Then, I read an interesting article yesterday on ifp, where guest blogger, Laure Parsons, says, "But there is a reality, it seems to me, that is missing from the discussion. Selling independent films is not and never was a “business model” (or- if you wish- not a 'good' business model), in the context that making these films should be the basis for a lucrative career using the principles of an MBA program. A good business model takes into account what the consumer wants and tries to give them that. It does not find something that one personally likes and then tries to make other people care about it, which is something more like patronage."
Does anyone ever really really know what they're doing?
We are in the middle of a major change. Anyone can (affordably) make a movie these days (doesn't mean they have the skills to). Social media seems to be a revolutionary adjustment, as well as an on-going experiment that will determine who and how people are involved.
But how will people buy (or invest in) our films? Will they just start preferring our movies on their iPhones? And if so, what does that mean for film sales? There's arguments for everything. Some will argue the experience of going to a theater and how that will never completely die, while others will argue that we have to change with the new world if we want to be in it. They'll say, "Start bringing iPhones to theaters!"
I don't know about you, but for myself, it seems to be turning into a huge conundrum, and for good reason! HELP!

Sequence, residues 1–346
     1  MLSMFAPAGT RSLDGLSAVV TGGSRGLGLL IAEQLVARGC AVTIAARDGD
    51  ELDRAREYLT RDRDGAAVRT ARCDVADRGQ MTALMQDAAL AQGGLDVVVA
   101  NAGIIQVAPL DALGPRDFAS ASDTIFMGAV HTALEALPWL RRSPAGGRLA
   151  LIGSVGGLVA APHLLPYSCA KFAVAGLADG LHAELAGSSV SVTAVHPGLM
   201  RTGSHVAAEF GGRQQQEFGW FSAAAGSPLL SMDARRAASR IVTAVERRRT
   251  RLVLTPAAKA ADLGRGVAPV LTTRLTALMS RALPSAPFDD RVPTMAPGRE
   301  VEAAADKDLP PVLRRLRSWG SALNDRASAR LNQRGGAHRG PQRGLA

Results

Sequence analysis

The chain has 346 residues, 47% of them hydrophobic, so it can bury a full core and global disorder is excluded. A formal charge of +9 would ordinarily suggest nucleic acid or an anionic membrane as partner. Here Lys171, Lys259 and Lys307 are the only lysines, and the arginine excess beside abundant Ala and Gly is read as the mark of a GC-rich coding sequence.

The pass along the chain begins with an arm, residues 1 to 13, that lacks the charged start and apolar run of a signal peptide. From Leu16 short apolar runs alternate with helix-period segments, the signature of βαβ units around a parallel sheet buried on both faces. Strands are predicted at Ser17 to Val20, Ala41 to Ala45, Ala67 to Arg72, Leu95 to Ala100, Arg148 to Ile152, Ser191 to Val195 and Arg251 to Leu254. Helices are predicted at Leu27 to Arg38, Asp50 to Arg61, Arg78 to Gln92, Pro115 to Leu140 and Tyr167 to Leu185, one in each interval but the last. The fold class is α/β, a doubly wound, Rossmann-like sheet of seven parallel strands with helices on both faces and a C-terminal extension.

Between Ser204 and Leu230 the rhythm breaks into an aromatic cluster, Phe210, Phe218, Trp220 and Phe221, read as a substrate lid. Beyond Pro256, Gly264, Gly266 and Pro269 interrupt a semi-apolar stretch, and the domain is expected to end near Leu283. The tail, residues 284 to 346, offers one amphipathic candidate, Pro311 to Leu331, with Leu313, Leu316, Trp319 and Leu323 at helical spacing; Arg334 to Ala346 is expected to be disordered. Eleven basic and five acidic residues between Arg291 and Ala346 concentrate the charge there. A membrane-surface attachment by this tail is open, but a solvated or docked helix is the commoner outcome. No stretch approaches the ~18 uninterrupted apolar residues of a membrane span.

If the old model has died and the new one(s) are based on select successes (AKA experiments) then isn't everything really just an experiment at this time?
And if that's the case, where does that leave us explaining our business plan (case) to investors, who don't particularly understand where we're coming from with this new age approach, or perhaps don't agree?
An extension of my confusion:
If we shoot LIS ultra low, then no one (really!) gets paid. Basically, everyone would be doing us favors. On the flip side, there's a chance for us to recoup costs faster, basing it on an aggressive DIY plan that keeps us in charge of our product(s). And there's an entire world out there waiting for that type of film. But what does that mean for our story? It has several (non-negotiable) characters and locations. Meaning that movie, wouldn't be the one we want to make today.
If we shoot somewhere-in-between low (under a million), then that's considered a hybrid, something that a an audience doesn't exactly 'get.'' Apparently, you can have a low budget movie with semi-recognizable faces, or high budget one with big A-list stars - and people will get that. But give them a hybrid, and expect some puzzled faces.
If we shoot a higher budget film (1-2 million), then we have to be prepared to justify why we are worthy (to investors), when I'm a first-time feature filmmaker, etc. Hell, I'm not sure why I'm worthy. Kidding aside, I know I can make a respectable movie for much less, especially with the crew I've got on board, but that doesn't seem to be good enough for the business (politics!) side. And if someone wants to invest 2 million, should I be arguing?
You see the confusion, right, or am I flying solo here?
What's right for the movie/filmmakers doesn't seem to be necessarily what's going to appeal to whoever invests. I'm sure this has always been the case on some level, when dealing with super creatives and studios, but it seems more relevant than ever to discuss today!
Is nothing more than an educated guess? And what does that even mean, when dealing with exceptions?
And if we are all just guessing, then isn't the risk the same as if we choose to take an unproven, experimental route?
Creativity aside, who's eyes should we really be looking through to solidify a budget?
This all feels a bit to me like forecasting the weather for next year. While we can look at patterns and history to determine our educated guess, it's still that - a guess.
A (temporarily) confused indie filmmaker,